Heme is an essential molecular building block of life, one of nature’s most ubiquitous molecules. It is most familiar as the molecule that carries oxygen in your blood. In addition to animal muscle, heme is found in virtually all the food we eat. It is not only safe to eat(opens in a new tab) -- it’s required for life.

    To satisfy the global demand for meat at a fraction of the environmental impact, Impossible Foods developed a sustainable, scalable and affordable way to make heme and therefore meat, without the catastrophic environmental impact of livestock(opens in a new tab). The company bio-engineers(opens in a new tab) and ferments yeast to produce a heme protein naturally found in plants, called soy leghemoglobin.

    The heme in the Impossible Burger is identical(opens in a new tab) to the essential heme humans have been consuming for hundreds of thousands of years in meat — and while the Impossible Burger delivers all the craveable depth of beef, it uses far fewer resources.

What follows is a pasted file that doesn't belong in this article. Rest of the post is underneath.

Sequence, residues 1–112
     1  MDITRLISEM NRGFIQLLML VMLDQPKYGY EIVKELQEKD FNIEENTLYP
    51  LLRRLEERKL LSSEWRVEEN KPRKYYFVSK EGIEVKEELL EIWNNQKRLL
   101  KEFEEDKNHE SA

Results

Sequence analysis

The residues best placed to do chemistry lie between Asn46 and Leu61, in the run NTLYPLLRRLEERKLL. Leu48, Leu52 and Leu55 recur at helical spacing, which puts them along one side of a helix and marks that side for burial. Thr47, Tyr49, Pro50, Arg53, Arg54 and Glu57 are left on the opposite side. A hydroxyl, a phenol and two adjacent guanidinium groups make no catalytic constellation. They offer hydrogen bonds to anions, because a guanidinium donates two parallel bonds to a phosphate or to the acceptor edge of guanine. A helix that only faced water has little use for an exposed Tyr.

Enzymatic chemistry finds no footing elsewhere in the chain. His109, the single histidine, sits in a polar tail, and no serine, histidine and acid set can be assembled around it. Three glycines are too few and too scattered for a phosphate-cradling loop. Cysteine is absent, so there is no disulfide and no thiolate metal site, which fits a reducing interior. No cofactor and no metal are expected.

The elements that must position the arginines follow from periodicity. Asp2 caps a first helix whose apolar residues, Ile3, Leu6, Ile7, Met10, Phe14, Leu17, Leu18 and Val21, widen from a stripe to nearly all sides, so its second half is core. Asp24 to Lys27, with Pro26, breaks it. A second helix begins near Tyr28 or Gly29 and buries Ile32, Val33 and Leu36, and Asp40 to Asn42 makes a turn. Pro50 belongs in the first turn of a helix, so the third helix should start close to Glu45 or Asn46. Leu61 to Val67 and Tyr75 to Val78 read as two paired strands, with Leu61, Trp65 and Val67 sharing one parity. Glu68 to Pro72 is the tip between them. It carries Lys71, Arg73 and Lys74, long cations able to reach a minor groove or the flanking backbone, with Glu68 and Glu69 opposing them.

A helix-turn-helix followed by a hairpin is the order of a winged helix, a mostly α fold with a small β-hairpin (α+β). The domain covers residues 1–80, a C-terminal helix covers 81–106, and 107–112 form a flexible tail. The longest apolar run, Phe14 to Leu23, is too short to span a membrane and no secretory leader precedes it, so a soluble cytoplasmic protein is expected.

Producing the Impossible Burger uses about 87% less water, generates about 89% less greenhouse gases and requires around 96% less land than conventional ground beef from cows. For its efforts toward making the global food system sustainable, Impossible Foods won the 2019 United Nations Global Climate Action Award(opens in a new tab).


    Based in California’s Silicon Valley, Impossible Foods makes delicious, nutritious meat and dairy products from plants — with a much smaller environmental footprint than meat from animals. The privately held food tech startup was founded in 2011 by Patrick O. Brown, M.D., Ph.D., Professor Emeritus of Biochemistry at Stanford University and a former Howard Hughes Medical Institute investigator. Investors include Mirae Asset Global Investments, Khosla Ventures, Bill Gates, Google Ventures, Horizons Ventures, UBS, Viking Global Investors, Temasek, Sailing Capital, and Open Philanthropy Project.

    Impossible Foods was Inc. Magazine’s company of the year(opens in a new tab) and one of Time Magazine’s 50 Genius companies(opens in a new tab). The flagship product, Impossible Burger, was named top plant-based burger by the New York Times(opens in a new tab) and received the Food and Beverage (FABI) Award(opens in a new tab) from the National Restaurant Association. 

    Media kit: in a new tab)

    Media Contact: Keely Sulprizio ([email protected](opens in a new tab))